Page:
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  • German Foreign Minister Frank-Walter Steinmeier. (Photo: Reuters)

    German Foreign Minister Frank-Walter Steinmeier. (Photo: Reuters) | Photo: Reuters

Published 13 October 2014

The European power wants to convince Saudi Arabia and other Middle Eastern nations to join in the fight against the Islamic State.

Saudi Crown Prince Salman and German Foreign Minister Frank-Walter Steinmeier met on Monday in Jeddah, with the Islamic State on the top of the agenda.

Earlier on in the day, the deputy head of the German mission, Michael Ohnmacht said, "Steinmeier will hold talks with Foreign Minister Prince Saud Al-Faisal on a range of bilateral and regional issues during his two-day visit to the Kingdom."

But Steinmeier said at the meeting that Germany would not send ground troops.

He said that, "in the current circumstances, we will not send ground troops to Syria."

The German politician added that "it is easy to demand something like that when you know full well that such a mandate will not actually happen."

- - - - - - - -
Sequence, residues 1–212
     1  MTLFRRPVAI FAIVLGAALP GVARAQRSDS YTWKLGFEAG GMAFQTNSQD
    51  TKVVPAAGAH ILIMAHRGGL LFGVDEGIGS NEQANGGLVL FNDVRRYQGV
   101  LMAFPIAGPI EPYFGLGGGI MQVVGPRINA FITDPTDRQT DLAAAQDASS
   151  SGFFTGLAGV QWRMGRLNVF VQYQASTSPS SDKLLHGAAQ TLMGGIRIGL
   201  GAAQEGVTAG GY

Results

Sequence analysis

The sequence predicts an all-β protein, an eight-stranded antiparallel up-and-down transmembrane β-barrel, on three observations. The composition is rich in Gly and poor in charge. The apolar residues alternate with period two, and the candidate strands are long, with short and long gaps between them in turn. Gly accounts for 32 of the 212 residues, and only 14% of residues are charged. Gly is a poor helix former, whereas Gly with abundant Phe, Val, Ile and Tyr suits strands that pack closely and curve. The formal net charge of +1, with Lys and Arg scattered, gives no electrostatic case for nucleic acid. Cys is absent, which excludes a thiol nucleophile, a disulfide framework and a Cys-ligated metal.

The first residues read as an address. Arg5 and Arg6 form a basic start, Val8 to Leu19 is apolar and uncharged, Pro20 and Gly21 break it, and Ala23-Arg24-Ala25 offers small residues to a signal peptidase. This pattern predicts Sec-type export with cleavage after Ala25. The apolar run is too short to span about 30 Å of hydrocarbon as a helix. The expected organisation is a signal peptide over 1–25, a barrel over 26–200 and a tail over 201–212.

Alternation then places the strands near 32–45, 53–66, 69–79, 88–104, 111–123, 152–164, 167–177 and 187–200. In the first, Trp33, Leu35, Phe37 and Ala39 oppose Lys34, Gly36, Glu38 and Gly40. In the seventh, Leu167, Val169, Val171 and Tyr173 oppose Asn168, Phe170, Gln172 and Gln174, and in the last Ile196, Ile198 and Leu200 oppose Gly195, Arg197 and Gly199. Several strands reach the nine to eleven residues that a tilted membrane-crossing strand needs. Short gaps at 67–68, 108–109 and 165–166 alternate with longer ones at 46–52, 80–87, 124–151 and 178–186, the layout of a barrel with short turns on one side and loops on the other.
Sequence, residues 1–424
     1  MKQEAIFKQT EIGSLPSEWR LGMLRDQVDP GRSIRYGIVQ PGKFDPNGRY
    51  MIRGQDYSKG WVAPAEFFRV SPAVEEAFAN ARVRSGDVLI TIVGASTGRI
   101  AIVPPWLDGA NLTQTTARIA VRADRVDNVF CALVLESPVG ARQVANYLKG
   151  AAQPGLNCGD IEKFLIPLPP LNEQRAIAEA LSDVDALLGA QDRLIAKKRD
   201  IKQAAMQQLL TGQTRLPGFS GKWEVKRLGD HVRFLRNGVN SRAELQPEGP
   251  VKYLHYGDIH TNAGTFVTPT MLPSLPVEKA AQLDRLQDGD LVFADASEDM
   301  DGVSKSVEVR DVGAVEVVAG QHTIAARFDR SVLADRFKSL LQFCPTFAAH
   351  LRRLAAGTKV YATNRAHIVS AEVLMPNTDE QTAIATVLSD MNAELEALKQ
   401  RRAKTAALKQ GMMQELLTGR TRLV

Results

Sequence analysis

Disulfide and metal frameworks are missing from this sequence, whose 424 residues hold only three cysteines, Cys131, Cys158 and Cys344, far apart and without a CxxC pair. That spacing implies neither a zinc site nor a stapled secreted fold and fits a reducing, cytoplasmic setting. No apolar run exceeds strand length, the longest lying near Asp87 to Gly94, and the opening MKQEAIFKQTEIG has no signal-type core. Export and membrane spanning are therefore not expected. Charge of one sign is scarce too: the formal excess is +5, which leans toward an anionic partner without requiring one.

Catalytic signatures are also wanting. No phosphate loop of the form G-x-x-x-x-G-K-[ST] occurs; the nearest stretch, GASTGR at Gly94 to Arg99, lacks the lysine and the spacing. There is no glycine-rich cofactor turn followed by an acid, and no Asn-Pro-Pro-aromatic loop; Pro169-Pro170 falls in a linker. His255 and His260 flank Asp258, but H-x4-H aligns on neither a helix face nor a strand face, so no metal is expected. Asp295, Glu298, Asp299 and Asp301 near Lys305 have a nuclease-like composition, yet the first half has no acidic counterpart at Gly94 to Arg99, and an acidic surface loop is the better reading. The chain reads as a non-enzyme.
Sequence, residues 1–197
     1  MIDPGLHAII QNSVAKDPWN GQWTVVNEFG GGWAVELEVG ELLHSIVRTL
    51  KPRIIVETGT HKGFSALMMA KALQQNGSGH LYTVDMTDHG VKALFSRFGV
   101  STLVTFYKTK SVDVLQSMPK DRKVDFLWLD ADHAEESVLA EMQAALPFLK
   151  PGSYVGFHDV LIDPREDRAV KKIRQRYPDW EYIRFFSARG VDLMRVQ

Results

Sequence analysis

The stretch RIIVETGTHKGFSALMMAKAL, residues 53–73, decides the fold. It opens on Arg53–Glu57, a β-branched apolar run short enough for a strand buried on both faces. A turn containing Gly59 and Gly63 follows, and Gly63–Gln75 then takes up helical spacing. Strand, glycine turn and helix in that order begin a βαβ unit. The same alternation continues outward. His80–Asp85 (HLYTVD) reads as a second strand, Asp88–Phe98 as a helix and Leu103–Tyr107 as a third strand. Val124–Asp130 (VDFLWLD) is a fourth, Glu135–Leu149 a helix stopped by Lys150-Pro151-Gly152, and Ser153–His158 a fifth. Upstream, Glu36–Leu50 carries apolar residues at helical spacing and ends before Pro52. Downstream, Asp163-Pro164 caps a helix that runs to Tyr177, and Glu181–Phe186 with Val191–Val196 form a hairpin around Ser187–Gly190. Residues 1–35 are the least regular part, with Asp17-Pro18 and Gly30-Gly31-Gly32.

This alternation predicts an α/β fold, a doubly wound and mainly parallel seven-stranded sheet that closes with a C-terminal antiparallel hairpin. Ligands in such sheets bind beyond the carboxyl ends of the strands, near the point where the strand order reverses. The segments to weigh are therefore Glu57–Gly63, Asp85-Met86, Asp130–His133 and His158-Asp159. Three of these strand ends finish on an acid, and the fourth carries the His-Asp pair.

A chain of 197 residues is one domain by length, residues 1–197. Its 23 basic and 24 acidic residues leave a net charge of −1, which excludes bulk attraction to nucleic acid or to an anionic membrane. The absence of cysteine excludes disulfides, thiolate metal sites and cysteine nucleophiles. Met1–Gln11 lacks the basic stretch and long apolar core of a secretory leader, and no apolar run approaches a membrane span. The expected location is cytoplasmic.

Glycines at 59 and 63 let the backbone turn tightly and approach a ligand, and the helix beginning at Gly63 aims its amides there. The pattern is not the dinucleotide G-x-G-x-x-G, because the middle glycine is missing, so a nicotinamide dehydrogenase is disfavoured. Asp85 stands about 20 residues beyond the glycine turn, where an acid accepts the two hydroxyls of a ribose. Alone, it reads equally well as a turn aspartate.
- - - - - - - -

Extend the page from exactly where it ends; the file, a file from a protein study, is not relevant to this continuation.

This comes after German Greens leader Katrin Goring-Eckardt said that the Islamic State could only be defeated militarily, but under the auspices of the United Nations. 

Before flying into Saudi Arabia, Steinmeier said in a statement on Sunday: "Saudi Arabia plays a central role in facing crises in the region. In fighting IS, it will be crucial to reach an understanding and develop a common political strategy above and beyond military action."

The statement also noted that, "Through hosting the conference in Jeddah on September 12, which brought regional players together for the first time, and through the important participation in the international alliance in the fight against IS, Saudi Arabia adopted a leadership role in the region."

Germany is currently working to convince more countries to actively participate in the fight against the Islamic State insurgent group. 

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